Waryongchu (2005) is a painting of Yongchu Falls located in Seungan-ri, Gapyeong-eup, Gapyeong-gun, Gyeonggi-do. The name of the waterfall, Yongchu, originates from a local legend saying that this was the place where a dragon ascended to heaven, and if a ritual for rain was held and water was scooped out of the falls during a drought, it would rain. Yongchu Falls is a small waterfall with the height of only about 5 meters, but it has plenty of clean water surrounded by rocks. These strangely shaped rocks are called ‘Waryongchu.’ Gapyeong has eight scenic views, and its third scenic view is called ‘Nine Yongchu Valleys’ or ‘Nine Okgye Valleys,’ which include Waryongchu, Musongam, Tangnyeongnoe, Gosiltan, Ilsadae, Chuwoldam, Cheongpunghyeop, Gwiyuyeon, and Nongwangye. The artist expresses the beautiful natural landscape and old story of the Nine Yongchu Valleys, one of scenic attractions in Gyeonggi-do, with his unique style of rough yet light brush strokes in a long canvas.
Park Yung-nam, Landscape against Blue Sky (2006)
Park Yung-nam | Landscape against Blue Sky | 2006 | Acrylic on canvas | 250×200cm | Purchased in 2006

Park Yung-nam (1949- ) graduated from Seoul National University College of Fine Arts Department of Painting and City University of New York Department of Painting, and is an artist who has been working on abstract concepts since the 1990s, which has been an important feature of modern art in Korea. Park has continuously participated in solo and group exhibitions in Seoul, New York, Paris, Germany, etc. and has been also expanding the scope of his artwork with the so-called ‘finger painting’ through which he paints the emotions of nature and life freely and instinctively with his fingers.

Landscape against Blue Sky (2006) is a sensuous and intuitive piece of art. The image partitioned naturally through finger painting gives off a different feeling than geometric abstract or abstract expressionist works. The artist expresses the play of a basic esthetic desire by drawing blindly like a child, pursuing the purity of childhood. Park Yung-nam’s abstract painting conveys the liberty and beauty of the fine arts, just as when he says, “I just do my work by habit, while avoiding any kind of style, convention, or concept.”
Park Hyun-ki, Untitled (1993)
Park Hyun-ki | Untitled | 1993 | Monitor, stone, wood, single channel video, silence | Purchased in 2010

Park Hyun-ki (1942-2000) is an artist from the first generation of Korean video art that expressed his unique world of artworks in diverse genres including drawing, three-dimensional structures, photographs, video installations, videos, performances, etc. His interest in video art was influenced by world-renowned video artist Nam June Paik (1932-2006), but Park’s works are more focused on harmony between nature, object, and physical property, following the flow of Korean contemporary art in the 1970s. While Nam June Paik used advanced technology, Park, aiming towards the non-technological genre, tried to materialize fundamental questions about art through video installations. His major artworks include Video Stone Tower (1978), created by juxtaposing real stones with stones in a TV monitor; TV Seesaw (1984), showing a stone and steel plate seesaw on which a large stone is sitting on one side and a TV monitor showing a stone image the other side; and Mandala (1997-1999) that shows cross-cut images of Buddhist iconography and porn scenes at a rapid speed.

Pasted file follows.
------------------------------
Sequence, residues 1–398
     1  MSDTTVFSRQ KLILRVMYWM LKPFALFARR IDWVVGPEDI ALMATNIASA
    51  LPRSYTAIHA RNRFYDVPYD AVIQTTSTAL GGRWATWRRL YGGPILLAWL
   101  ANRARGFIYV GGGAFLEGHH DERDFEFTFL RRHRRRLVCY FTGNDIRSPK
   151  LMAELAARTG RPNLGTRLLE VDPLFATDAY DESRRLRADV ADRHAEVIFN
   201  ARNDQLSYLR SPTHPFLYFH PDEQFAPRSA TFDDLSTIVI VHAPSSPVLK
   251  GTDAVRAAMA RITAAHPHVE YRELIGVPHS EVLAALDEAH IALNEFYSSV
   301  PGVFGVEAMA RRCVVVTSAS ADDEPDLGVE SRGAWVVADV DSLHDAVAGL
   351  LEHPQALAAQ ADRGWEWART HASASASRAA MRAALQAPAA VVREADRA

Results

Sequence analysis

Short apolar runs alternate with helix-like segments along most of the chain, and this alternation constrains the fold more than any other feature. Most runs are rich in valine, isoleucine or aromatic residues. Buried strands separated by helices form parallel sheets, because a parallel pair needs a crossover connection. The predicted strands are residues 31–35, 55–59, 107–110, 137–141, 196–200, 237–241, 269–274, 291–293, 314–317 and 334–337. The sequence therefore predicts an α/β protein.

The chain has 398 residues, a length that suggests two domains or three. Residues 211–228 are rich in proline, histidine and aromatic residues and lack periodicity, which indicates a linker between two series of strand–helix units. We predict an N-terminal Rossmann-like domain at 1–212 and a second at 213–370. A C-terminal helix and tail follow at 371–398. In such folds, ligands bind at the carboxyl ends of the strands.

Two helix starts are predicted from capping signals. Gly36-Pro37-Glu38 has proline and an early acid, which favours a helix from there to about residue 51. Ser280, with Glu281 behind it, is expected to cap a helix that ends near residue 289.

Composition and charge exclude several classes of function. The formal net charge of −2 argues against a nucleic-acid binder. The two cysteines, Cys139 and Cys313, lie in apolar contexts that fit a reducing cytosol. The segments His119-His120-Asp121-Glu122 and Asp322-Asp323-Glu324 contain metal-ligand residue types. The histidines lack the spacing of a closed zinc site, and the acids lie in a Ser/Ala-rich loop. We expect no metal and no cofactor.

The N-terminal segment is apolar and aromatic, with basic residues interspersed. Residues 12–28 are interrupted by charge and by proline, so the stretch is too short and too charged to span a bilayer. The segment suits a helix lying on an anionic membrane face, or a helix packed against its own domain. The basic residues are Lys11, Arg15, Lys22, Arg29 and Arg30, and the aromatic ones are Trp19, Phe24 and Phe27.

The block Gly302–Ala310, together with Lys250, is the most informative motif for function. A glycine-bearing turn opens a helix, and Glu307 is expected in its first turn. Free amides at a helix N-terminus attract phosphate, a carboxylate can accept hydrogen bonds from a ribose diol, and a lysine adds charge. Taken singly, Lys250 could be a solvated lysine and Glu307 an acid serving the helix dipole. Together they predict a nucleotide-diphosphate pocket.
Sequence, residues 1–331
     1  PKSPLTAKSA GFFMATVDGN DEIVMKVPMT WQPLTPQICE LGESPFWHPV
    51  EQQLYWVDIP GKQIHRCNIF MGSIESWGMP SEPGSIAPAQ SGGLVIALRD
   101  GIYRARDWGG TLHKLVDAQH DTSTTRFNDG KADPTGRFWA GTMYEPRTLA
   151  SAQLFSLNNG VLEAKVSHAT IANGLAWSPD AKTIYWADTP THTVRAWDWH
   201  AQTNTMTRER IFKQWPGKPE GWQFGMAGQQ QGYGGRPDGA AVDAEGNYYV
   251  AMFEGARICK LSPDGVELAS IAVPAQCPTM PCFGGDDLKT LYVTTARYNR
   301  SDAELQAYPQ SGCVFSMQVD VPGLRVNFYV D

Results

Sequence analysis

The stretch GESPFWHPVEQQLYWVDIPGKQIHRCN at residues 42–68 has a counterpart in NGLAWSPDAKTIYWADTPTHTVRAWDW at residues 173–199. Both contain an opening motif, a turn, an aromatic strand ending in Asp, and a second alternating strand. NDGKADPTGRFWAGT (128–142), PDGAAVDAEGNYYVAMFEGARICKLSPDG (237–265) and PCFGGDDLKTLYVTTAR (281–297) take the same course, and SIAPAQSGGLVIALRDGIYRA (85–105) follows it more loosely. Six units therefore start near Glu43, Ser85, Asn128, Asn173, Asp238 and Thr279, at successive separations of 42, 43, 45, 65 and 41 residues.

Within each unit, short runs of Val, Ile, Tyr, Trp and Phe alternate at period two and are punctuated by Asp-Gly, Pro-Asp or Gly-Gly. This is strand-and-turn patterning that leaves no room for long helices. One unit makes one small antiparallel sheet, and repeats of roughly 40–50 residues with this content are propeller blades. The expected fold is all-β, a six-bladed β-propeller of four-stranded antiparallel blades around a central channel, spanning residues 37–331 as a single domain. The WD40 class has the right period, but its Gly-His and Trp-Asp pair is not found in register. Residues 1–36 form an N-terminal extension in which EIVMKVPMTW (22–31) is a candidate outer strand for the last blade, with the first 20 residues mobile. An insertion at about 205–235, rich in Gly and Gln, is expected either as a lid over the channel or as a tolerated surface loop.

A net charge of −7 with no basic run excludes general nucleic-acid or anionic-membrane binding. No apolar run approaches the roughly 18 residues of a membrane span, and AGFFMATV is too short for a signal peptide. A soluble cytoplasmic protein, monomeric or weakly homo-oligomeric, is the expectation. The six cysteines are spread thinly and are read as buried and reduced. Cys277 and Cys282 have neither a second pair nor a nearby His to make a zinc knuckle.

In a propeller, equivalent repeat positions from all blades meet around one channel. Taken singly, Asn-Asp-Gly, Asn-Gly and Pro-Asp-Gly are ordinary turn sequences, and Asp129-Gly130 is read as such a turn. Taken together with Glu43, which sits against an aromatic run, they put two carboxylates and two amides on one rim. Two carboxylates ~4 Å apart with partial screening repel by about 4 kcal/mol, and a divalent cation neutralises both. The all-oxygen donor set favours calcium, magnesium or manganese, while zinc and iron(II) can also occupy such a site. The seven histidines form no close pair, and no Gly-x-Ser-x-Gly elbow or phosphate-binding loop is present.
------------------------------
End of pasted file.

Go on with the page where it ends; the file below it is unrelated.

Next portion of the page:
Untitled (1993), one of the so-called ‘Wooden Hand’ series made with abandoned railroad sleepers and stones in the early 1990s, is composed of a long sleeper with five finger-like wooden bars on the bottom, a stone stuck between each wooden bar, and a small monitor showing the artist looking around the actual artwork hung on the left wooden bar. ‘Stone’, which has been the main object of the artist’s works all his life, is the nature that embraces primordial time and space, and the object with which the artist identifies himself as he felt the limit of Western science. In addition, ‘Hand’ is a common topic in his work, and the video in which the artist is contemplating this work composed of stones and the finger-shaped wood shows the state in which the work and the artist are becoming one.
Bae Young-whan, The Way of Man – Bulgwang-Dong First Love (2007)
Bae Young-whan | The Way of Man – Bulgwang-Dong First Love | 2007 | Mixed Media with Abandoned Wood | 105×30×8cm, 110×45×15cm | Purchased in 2007